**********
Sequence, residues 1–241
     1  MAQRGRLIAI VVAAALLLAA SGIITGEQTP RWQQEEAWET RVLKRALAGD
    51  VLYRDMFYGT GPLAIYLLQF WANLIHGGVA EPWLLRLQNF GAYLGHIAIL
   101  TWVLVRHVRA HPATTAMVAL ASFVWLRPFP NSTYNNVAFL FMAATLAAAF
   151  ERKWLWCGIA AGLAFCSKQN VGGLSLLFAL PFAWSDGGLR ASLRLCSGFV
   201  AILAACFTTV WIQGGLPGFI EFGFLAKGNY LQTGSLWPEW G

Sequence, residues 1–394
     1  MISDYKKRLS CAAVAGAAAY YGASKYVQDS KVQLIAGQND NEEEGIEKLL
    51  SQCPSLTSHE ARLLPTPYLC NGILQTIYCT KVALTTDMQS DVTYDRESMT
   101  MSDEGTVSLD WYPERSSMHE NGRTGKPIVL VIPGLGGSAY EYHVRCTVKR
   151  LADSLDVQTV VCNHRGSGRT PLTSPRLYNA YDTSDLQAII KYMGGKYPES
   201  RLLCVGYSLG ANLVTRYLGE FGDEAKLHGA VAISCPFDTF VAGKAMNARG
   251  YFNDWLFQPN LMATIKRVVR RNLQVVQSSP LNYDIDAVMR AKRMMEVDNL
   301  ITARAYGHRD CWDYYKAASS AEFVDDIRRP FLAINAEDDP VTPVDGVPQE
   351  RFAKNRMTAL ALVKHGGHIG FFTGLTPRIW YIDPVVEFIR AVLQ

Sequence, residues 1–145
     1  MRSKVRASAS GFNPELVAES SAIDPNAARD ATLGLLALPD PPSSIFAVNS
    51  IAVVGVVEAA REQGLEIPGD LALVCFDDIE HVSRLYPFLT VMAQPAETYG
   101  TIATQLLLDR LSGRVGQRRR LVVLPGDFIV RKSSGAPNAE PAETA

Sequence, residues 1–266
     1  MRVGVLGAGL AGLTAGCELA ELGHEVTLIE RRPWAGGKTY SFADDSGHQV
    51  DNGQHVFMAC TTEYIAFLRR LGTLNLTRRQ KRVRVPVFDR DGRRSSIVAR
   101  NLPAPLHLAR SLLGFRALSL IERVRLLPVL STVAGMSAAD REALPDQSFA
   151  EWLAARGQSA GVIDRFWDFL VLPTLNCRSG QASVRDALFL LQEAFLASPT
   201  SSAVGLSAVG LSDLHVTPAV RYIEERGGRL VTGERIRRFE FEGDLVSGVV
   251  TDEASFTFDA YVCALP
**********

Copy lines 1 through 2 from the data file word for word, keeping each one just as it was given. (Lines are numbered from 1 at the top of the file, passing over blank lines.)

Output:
Sequence, residues 1–241
     1  MAQRGRLIAI VVAAALLLAA SGIITGEQTP RWQQEEAWET RVLKRALAGD